Second Meditation for the First Week of Lent

Duccio di Buoninsegna. The Temptation on the Mount, c. 1311.

The best of us have let our degraded culture seep into our souls. Every exertion and choice is monitored. Will it enhance my pleasure? Will it increase my inconvenience? Will it make impermissible demands upon the house my indulgence has built? So pandemic and deep are these inroads that children no longer compete for prizes, but all are given prizes for participation. Professors are mandated to inflate grades, lest students feel unaffirmed. Our very language has soured of the slightest expression that might ruffle the delicate feelings of anyone. Language police have even invented a crime for unintended verbal offense: microaggression.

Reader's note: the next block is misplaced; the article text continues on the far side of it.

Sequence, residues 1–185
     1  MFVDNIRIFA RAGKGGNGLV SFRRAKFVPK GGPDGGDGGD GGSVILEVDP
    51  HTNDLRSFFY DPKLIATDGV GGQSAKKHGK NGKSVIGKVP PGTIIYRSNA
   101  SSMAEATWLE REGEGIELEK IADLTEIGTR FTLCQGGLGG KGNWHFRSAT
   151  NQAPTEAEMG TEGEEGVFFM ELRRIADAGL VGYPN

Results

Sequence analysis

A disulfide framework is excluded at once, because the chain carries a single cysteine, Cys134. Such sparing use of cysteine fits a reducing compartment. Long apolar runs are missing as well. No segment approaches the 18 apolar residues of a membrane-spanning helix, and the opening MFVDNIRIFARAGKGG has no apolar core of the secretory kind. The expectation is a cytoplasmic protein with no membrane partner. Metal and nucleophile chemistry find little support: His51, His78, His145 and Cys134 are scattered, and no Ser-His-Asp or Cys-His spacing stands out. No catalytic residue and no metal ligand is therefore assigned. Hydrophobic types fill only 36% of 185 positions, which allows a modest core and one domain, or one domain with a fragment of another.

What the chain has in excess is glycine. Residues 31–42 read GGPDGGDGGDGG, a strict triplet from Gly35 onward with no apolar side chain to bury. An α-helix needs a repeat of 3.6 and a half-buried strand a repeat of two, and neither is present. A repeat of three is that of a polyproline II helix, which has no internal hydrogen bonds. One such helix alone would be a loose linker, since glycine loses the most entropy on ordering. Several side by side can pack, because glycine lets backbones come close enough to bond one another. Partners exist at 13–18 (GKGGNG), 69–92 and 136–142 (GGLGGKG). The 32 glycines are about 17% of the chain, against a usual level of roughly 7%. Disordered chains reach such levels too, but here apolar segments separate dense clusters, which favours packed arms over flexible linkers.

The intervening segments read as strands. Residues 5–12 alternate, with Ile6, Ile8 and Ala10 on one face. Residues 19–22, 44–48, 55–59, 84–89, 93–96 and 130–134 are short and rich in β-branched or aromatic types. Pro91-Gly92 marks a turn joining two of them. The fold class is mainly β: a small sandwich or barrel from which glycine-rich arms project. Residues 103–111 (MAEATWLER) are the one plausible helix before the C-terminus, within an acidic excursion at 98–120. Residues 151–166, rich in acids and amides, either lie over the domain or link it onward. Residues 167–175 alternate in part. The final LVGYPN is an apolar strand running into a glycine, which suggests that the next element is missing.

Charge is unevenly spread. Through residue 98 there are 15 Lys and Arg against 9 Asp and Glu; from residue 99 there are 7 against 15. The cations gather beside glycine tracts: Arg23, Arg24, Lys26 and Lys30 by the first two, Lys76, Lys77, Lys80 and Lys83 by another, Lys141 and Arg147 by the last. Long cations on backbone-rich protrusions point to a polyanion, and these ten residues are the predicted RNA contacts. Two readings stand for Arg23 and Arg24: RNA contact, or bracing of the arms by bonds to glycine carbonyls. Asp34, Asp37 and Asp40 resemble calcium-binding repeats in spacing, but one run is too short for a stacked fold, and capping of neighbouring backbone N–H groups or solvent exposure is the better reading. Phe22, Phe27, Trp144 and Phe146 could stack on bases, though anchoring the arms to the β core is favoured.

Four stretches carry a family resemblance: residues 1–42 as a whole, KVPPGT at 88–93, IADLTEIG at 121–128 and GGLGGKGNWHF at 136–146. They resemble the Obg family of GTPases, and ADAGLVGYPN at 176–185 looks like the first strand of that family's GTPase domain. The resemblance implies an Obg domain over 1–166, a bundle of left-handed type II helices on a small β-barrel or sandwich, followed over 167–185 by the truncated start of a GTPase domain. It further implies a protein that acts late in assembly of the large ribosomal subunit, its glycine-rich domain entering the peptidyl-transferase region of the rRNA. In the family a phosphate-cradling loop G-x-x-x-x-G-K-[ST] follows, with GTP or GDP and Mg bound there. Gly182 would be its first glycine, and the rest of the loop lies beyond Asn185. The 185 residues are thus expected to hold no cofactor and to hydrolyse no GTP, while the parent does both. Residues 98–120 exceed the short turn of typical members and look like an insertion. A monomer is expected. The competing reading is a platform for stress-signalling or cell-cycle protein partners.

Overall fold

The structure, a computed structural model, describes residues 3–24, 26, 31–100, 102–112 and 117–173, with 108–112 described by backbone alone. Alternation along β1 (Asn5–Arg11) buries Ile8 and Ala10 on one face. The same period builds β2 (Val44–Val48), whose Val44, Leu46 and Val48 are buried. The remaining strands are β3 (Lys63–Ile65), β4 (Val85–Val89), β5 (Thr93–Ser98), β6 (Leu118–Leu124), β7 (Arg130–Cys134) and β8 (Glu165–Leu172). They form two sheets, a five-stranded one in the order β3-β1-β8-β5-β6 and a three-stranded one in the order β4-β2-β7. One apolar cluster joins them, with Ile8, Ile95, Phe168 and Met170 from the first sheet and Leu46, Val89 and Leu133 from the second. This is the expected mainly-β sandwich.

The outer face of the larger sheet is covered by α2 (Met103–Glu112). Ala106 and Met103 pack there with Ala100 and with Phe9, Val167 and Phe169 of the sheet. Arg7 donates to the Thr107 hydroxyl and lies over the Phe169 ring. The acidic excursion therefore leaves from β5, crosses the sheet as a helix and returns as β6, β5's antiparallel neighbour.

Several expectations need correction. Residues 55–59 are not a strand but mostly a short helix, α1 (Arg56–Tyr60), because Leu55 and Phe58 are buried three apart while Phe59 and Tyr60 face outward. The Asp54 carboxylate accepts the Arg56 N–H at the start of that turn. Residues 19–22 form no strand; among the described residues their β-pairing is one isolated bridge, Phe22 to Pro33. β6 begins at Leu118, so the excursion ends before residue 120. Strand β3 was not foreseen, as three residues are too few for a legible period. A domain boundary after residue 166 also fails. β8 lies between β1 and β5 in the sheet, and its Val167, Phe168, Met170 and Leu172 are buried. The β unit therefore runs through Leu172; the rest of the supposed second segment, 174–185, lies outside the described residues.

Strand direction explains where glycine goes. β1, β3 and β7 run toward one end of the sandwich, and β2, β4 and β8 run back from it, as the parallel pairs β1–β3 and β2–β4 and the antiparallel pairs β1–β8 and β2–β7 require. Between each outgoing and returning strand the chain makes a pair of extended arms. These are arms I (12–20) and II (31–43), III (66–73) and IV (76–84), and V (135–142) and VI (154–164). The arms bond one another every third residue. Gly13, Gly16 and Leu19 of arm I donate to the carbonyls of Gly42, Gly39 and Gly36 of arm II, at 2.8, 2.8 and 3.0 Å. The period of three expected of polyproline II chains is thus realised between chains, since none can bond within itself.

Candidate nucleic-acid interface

To this sybaritic people Mother Church presents Our Savior hungry and exhausted in the Sinai desert. Forty days of trial, ending with a titanic battle with Satan. A stark episode to teach us a stark lesson. Our life here is warfare. Like Our Savior, Lucifer’s temptations are never farther away than our next thought, or choice, or action. Not to fight is to offer ourselves as a sweet dish to Satan, only to be dragged into his realm of darkness.

Fortify your soul. Race to the sources of grace. Christ and Satan both hunger for you. Who will you satisfy?

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